Original Dungeons & Dragons, or ODnD, has various clones or houseruled re-imaginings. One of those is Original Edition Delta, which has a very good reputation (at least as I could observe in several independent cases) and openly calls itself “houserules”, but, in general basis, follows the Original DnD; even the spells are hardly distinguishable from the original, just adding various spells, like Magic Missile and Shield at level 1. Re-rolling HP at 1 or 2 is usually optional, here it is the norm.
But of course, there are a good number of deviations, and some of them have great impact on the game as it will play out.
The attributes are mostly rolled with 3d6, but every player can choose one core attribute where the roll is 2d6+6. A boost that is even stronger than “roll 4 drop the lowest” – but only for one chosen attribute.
A character built at levels 4 to 7 sees his or her exceptional characteristics even more pronounced with two boosted attributes.
From level 8 onwards, one core attribute gets boosted with 2d4+10, a minimum result of 12, and three boosted attributes.
They call it “survivorship bias”.
However, Original Edition Delta really veers off from the original in various, and sometimes very important, details.
- Firstly, in variable Hit Dice á la B/X — and variable weapon damage too.
- Secondly, in eliminating the Cleric in favour of the Thief. So the Magic User is the only type of caster. A rather popular idea these days, but as I understand it Delta was among the leaders of the pack to “turn on the cleric”, so to speak.
- Thirdly, fighters get “feats”, special knacks that boost them further, and that every fourth level.
- Fourthly, in simplifying the advancement in combat skills by making it a linear, or quasi-linear rise in different speeds.
Fighters get a +1 to hit at every level, Thieves get a +2 every 3 levels, and Magic Users +1 every 2 levels. So at level 6, the fighter has +6, the Thief has +4, and the magic user +3. The standard way of ODnD would see the fighter rise by 2 at Level 4 and by 3 more at L7. The Cleric and Thief would rise at L5 and L9. The MU would rise at L6 and L11. So in contrast to Delta they would remain much less efficient killers for much longer, all of them.
We see that Delta values fighting prowess in a character, which is also exemplified in the feats, where a fighter can learn to become a berserk and to fight from horseback, etc. Steel and strength feel more important here than hiding, sneaking, and running away.
Speaking of strength:
In general, early and basic Dungeons & Dragons has a weird relationship with encumbrance in that the weight a character can carried is totally unrelated to the character’s strength score. A STR 18 hulk has the same encumbrance limits a sickly STR 3 weakling would bring to the table.
Delta measures weight in stone instead of coins and ties it to STR. Whoever carries his own STR score in stone is encumbered.
Delta’s game has a silver standard, and it shortens turns to 1 minute instead of 10, so movement during exploration is faster by an incredible degree.
“Any mundane item”
Remember the fact that magic users cannot wield swords and cannot wear armor?
Well, that is not actually in the rules.
Careful reading of the Original Dungeons & Dragons rules of 1974 shows that the prohibition of armor for wizards only relates to magical armor. Mundane armor is never even mentioned. The same is true for the other restrictions. Whenever something is not permitted, it explicitly mentions “magical”.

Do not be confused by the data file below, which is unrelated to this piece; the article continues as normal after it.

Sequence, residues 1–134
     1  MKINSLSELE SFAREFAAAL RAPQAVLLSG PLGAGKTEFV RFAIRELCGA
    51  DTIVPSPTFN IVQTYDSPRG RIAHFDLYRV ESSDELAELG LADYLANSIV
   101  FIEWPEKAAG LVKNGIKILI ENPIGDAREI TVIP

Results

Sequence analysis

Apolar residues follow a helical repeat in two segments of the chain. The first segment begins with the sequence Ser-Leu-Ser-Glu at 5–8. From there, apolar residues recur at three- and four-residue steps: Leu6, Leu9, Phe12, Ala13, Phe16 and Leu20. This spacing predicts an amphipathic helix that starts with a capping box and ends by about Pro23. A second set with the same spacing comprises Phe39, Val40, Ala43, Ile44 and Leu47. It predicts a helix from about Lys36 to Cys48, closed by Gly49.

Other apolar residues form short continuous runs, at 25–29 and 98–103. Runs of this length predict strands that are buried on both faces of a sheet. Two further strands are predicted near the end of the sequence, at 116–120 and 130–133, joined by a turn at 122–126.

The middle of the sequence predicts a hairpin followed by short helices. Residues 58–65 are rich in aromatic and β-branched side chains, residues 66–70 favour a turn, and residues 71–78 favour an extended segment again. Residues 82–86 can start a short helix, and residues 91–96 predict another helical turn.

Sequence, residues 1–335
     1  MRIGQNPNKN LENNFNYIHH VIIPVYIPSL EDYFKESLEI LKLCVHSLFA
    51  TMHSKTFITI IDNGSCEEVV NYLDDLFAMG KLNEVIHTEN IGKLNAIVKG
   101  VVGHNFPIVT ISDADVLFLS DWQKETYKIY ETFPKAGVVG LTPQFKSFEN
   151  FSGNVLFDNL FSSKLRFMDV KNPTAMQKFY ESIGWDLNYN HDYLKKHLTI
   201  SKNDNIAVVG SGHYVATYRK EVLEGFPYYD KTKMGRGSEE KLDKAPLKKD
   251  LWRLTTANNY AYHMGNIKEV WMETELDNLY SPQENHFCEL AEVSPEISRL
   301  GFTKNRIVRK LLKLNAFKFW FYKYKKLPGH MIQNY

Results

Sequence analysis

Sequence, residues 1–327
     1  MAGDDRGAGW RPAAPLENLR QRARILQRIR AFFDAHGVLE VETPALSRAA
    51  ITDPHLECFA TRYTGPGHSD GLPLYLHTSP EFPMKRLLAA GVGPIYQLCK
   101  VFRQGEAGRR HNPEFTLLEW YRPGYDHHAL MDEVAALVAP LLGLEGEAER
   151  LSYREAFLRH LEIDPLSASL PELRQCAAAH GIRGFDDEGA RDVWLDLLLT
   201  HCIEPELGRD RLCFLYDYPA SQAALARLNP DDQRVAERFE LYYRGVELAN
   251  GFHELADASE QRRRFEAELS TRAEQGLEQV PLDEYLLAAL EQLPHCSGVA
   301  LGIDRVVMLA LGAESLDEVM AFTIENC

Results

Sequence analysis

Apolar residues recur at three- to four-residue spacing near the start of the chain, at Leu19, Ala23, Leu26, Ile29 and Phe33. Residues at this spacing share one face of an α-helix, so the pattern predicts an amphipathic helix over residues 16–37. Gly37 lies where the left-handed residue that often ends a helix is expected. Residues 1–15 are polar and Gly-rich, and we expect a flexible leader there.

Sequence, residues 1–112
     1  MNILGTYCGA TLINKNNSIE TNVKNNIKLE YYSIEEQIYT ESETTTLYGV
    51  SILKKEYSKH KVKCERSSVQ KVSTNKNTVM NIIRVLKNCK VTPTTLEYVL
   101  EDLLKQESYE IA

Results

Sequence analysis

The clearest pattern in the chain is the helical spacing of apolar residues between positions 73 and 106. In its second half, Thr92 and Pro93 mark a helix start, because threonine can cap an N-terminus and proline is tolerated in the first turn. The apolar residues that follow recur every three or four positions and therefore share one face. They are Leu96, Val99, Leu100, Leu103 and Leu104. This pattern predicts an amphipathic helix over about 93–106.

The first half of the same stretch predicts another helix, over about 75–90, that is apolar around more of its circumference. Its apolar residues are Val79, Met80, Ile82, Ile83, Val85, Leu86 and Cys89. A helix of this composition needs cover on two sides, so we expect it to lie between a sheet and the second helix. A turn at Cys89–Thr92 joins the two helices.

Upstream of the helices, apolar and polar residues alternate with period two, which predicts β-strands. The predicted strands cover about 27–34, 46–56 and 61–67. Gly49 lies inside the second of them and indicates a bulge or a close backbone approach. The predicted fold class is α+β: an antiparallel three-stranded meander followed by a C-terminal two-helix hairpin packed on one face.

In Original Edition Delta, intelligent characters don’t already know more languages, they learn them. They add new, randomly chosen languages with every level-up, until they hit the INT-determined maximum. Choosing to learn languages randomly is a very peculiar way of doing things…. but:
Original Edition Delta is very open about its design decisions, which are listed and explained in the footnotes. Background: “Delta” runs a blog on http://deltasdnd.blogspot.com/ , where the author delves into tricky rules questions regularly and with great authority. So every deviation in the Delta Rules can be assumed to have serious grounding in research and math.
Math…. one of the issues that sometimes throw players for a loop and get discussed a lot is the so called “Target 20” mechanic, basically a roll for a target number of 20. Basically it is d20 + Level + modifiers to beat 20.
It is for all intents and purposes the same as with “normal rolling” to beat an AC, because THAC0 for ODnD (even though ODnD did not use the term THAC0) is 19, and 19 + Level 1 is 20, just like the target number of Target 20. In other words, it is just another way of calculating the very same thing that Descending AC and Ascending AC are trying to get at.
You can find the rules here http://www.oedgames.com/
Despite the excellent performance of “Throw me a 6” I am still always on the lookout for Mass Combat systems that are more native to the roleplaying experience, or more immersive. Therefore I was happy to see that Original Edition Delta offers a “Book of War”, which is modelled after the basic Chainmail “engine”, but tries to iron out the kinks.
The Foreword even gives voice to what I myself am seeking:
“I’ve always yearned for a mass-combat game that, on a statistical basis, faithfully replicates the results of classic D&D combat. In other words, I wanted a system that could quickly resolve combat between several hundred bandits or orcs, and know that the result was (probabilistically speaking) the same as if we’d played out individual D&D combat for the whole.“
Yes, that pretty much sums up what I am seeking. So my interest for this Book of War is greater than for the actual RPG Delta-rules.
So I shall go ahead and playtest the Delta Book of War soon.